Instead of investing our collective energy into working like machines, we  could be engaging in the only work that makes humans different from machines. In a society freed from the cyclical chase for material acquisition, we would invest a large portion of our time on a daily basis, investigating, exercising and developing the sense of the natural human connection that binds us together.

When masses of people are doing this regularly—as their new job—a new society will undoubtedly emerge. Its product will be the positive social energy required to preserve societal balance. It will be a society whose members’ daily work is to maintain the sense of unity and solidarity that prevent violence and extremism, allowing human beings to live together in productive peace.

This work can be done in unlimited creative ways, where people can apply their passion and desire, as long as they contribute to a warm social climate. But it has to start from fundamental training and education on the science of human connection, learning how positive social connections make us healthier,  happier and better at everything we do.

Surely, all of the above sounds foreign in a world where we have been trained by advertisers to chase things we don’t need in order to impress people we can’t connect with. But when material needs are taken care of, human nature demands a deeper, more meaningful type of satisfaction. It’s no coincidence that happiness studies show time after time that healthy social relations are the number one predictor of human flourishing.

Our evolutionary social development pushes us to utilize our wiring for human connection, to distill it through constant work on our relationships, and evolve to a new social reality. Rather than competing with robots for an old school job, let’s make our job the only function that no robot will ever replace, and find the kind of happiness that money will never buy.

Michael Laitman is a Professor of Ontology, a PhD in Philosophy and Kabbalah, an MSc in Medical Bio-Cybernetics, and was the prime disciple of Kabbalist, Rav Baruch Shalom Ashlag (the RABASH). He has written over 40 books, which have been translated into dozens of languages. 

Featured image from Wikipedia.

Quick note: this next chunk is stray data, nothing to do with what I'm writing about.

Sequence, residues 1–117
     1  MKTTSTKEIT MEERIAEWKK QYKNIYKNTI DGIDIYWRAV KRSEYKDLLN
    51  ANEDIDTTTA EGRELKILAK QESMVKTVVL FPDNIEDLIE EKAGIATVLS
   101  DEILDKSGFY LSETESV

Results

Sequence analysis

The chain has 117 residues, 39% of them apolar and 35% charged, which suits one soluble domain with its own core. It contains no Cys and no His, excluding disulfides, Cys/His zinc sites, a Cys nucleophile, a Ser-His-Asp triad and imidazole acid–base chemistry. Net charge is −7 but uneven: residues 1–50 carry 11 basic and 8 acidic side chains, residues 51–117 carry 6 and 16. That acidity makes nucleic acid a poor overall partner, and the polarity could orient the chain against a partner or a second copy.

Editing by Dawn Howard

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The views expressed in this Op-Ed piece are solely those of the author and do not necessarily represent the view of Basic Income News or BIEN. BIEN and Basic Income News do not endorse any particular policy, but Basic Income News welcomes discussion from all points of view in its Op-Ed section.


  • Bulent Akman

    Typo: human beings, not human begins.

  • PhD Student

    Your educated and well-paid position in this society doesn’t give you the right to call the rest of the workforce “cogs” who are “losing touch with one another” – presenting your argument in a way that doesn’t specifically attack the people in the jobs you’ve likely never had to work would behoove your end goal much more.

  • You are one more writter who announces the effects of automation as the worst thing, with a profoundly catastrophic vision.
    You express only through (supposed) massive and net job cuts, not taking into account the imagination of human beings to create other jobs of which we have no conscience today nor the fact that AI will come largely in support of pre-existing human activities, notably to significantly improve the quality and relevance of achievements and decisions, without destroying jobs, especially for everything that is “intellectual “(Medicine law, journalism, computer science, …). When you imagine 30% or 40% risk of unemployment, you only participate in this anxiety-provoking atmosphere, and in reality showing nothing.
    From my point of view, to the extent that on these questions of the consequences of automation on employment we read ne thing and its opposite, I consider that using this argument to justify the establishment of a basic income is particularly fragile and even dangerous, because sitting on nothing serious or definitive. Approaches from a justice point of view seem to me much more serious, structuring, knowing that, with regard to the consequences of the robotization, there will certainly be a point of justice to be deepened, namely the risk of extreme concentration of profits in the hands of a few happy beneficiaries, to the detriment of the great mass, with all the social risks that one can imagine (cf the GAFAs).
    Finally, from my point of view, the real danger of AI, and probably the only one, which has been noted by Stephen Hawking, is the creation of robots that are self-aware, and who, eventually, could dominate the human being, thus changing the course of humanity. Given this risk, we must be extremely vigilant.

  • Sarah

    Excellent article. The evolution of the UBI to a people-first economic model provides the information-age solution to the post-industrial challenges you highlight. See https://goo.gl/BYTmWL for details.